Does a doctor ever commence a “comprehensive” treatment plan or do surgery without first diagnosing the nature and cause of the ailment? Worse, what if the doctor was involved in creating the problem and is now using random treatments – some good, some bad – to distract from that fact? Well, that is exactly what Congress is doing as it tackles 40 bills this week to address the misdiagnosed “opioid” crisis, which is a really an illicit drug crisis brought on by the DACA-driven surge in Central American teenagers and sanctuary cities beginning around 2013.
While some of the bills do address the illicit drugs, most of the legislative approach begins with the premise that this is fundamentally a health care and prescription crisis, when it is really exclusively a problem with illicit drugs – both opioids like heroin and non-opioids like cocaine and meth – brought in by open-border policies. The supply of drugs is meeting a deep-rooted problem in our society that stems from emotional and mental well-being and cultural problems, not from pain treatment.
This is why most victims are male, even though the majority of chronic pain patients are women. This is why most victims are younger, even though most chronic pain patients are older. This is why cocaine and meth are the fastest-growing drugs fueling the epidemic, even though they are not opioids. The supply is increasing from the border. This is why we’ve had drug problems for decades before Oxycontin was prescribed in the ’90s. According to the Congressional Research Service, drug cartels have been operating in this country since the ’40s. But now the cultural and emotional well-being of our population has deteriorated. Thus, commensurate with the supply of any drug and the decrease in price will be the increase in abuse. As we’ve chronicled in an exhaustive series on the truth about the opioid crisis, the epidemic came about suddenly and fatalities spiked precipitously right around the time of the Obama border surge.
Addiction specialist Sally Satel observes, “Contrary to common belief, prescription opioids do not pose a significant risk of addiction to the average person.” To the extent there is a subset at risk for addiction, they are “people with histories of addiction and those struggling with psychiatric conditions, and caution is particularly important with young adults.” A “Cochrane Review” study in 2010 showed that less than 0.5 percent of those properly prescribed pain patients developed an addiction within the first year of treatment.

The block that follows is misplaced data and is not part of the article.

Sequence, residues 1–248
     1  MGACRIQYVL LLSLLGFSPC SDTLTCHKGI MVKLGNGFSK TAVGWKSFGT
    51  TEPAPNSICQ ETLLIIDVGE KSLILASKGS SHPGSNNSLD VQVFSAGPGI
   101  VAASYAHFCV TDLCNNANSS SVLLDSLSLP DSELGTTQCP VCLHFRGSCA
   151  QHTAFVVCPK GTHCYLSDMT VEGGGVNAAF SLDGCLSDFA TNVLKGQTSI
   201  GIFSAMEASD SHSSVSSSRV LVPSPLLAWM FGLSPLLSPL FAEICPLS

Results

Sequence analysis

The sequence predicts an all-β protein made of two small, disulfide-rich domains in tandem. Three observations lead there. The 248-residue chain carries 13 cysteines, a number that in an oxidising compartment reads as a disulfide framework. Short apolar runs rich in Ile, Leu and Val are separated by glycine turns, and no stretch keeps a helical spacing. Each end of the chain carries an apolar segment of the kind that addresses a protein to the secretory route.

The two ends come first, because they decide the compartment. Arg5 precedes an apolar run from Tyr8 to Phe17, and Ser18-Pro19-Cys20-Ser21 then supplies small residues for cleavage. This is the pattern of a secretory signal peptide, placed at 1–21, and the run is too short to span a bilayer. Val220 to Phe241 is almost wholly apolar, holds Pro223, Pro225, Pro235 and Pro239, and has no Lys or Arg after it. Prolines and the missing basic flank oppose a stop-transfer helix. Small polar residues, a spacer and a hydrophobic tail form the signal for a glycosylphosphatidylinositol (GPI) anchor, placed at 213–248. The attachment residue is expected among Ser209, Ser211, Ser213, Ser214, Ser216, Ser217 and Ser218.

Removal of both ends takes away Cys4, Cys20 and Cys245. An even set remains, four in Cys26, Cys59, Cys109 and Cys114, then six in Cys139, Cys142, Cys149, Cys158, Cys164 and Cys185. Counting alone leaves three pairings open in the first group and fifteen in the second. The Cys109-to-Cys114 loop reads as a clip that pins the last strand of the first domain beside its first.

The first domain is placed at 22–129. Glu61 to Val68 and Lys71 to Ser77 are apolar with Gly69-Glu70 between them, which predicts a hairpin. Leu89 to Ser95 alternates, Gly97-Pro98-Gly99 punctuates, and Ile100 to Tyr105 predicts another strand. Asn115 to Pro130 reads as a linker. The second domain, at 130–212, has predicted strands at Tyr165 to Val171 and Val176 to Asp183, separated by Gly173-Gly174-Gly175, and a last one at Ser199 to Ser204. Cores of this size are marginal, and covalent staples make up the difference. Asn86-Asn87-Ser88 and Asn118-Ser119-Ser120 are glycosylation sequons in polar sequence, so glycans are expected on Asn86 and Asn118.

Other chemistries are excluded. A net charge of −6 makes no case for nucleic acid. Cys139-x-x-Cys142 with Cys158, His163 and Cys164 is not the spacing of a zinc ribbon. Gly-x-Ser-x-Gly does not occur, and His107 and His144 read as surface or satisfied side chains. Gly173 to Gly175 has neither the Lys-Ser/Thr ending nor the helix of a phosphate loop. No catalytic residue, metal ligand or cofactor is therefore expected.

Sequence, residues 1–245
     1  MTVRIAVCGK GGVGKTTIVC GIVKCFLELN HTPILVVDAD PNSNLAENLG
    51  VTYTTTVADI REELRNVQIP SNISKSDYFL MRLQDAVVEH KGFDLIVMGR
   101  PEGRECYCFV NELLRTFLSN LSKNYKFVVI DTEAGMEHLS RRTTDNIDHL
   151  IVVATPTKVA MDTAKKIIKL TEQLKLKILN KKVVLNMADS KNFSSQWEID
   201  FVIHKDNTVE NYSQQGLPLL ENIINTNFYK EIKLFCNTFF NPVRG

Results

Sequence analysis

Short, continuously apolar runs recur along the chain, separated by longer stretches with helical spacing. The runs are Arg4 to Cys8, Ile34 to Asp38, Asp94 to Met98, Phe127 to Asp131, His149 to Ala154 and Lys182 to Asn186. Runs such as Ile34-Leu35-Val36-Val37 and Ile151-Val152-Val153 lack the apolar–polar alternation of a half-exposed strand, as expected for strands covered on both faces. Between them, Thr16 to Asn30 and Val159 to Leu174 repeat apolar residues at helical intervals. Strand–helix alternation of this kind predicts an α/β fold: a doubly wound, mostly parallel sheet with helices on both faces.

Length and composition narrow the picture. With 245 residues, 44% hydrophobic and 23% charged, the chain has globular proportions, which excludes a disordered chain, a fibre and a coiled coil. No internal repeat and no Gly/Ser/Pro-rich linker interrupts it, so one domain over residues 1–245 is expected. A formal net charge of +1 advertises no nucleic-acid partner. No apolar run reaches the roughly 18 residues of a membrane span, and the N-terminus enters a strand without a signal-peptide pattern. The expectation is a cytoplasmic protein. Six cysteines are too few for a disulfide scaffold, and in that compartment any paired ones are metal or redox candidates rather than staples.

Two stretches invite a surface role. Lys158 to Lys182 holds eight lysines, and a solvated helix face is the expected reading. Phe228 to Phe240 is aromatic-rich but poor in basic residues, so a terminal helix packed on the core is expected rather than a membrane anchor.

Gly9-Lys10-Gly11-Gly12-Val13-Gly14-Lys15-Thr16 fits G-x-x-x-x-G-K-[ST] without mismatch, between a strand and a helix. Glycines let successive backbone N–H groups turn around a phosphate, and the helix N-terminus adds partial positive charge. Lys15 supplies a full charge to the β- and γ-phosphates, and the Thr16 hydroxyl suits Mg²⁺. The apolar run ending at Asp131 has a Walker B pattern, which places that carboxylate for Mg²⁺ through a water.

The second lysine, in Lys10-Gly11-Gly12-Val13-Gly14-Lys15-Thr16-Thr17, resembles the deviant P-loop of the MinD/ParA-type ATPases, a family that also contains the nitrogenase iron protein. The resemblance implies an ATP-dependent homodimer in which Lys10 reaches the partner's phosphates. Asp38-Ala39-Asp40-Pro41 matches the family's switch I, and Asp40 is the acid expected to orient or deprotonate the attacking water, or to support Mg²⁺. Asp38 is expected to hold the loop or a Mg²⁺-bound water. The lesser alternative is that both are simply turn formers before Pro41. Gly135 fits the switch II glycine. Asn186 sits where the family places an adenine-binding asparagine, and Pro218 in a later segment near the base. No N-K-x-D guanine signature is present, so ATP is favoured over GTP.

In order to cover for the dual agenda of open borders and de-incarceration of drug traffickers, the government is now hurting pain patients who have never been prone to addiction. This is the true opioid crisis that deserves Congress’ attention. Opioids are already under strict control, hampering doctors and patients. Now is the time to focus more on the border and criminal alien distribution networks, not doctors and pain patients. Consider the following trends in the drug crisis:
The bottom line is that we could un-invent every single prescription painkiller and it would do nothing to address the core problem in our culture: illicit drugs.
Why won’t Congress hold a single hearing on what the drug crisis is and isn’t and better study the latest trends before legislating the issue to death? If legislators wanted to solve the problem, they’d recognize that the best “opioid legislation” is ending all incentives for cross-border migration and sanctuary cities. This would bankrupt the networks that are responsible for the overwhelming majority of drug fatalities in America. Yet the Republican party is hell-bent on the very amnesty that served as the impetus for the drug epidemic in the first place.
How can we solve a problem we fail to properly identify? How many more pain patients need to suffer so the politicians can cover for open borders, sanctuary cities, and drug traffickers?
Daniel Horowitz is a senior editor of Conservative Review. Follow him on Twitter @RMConservative.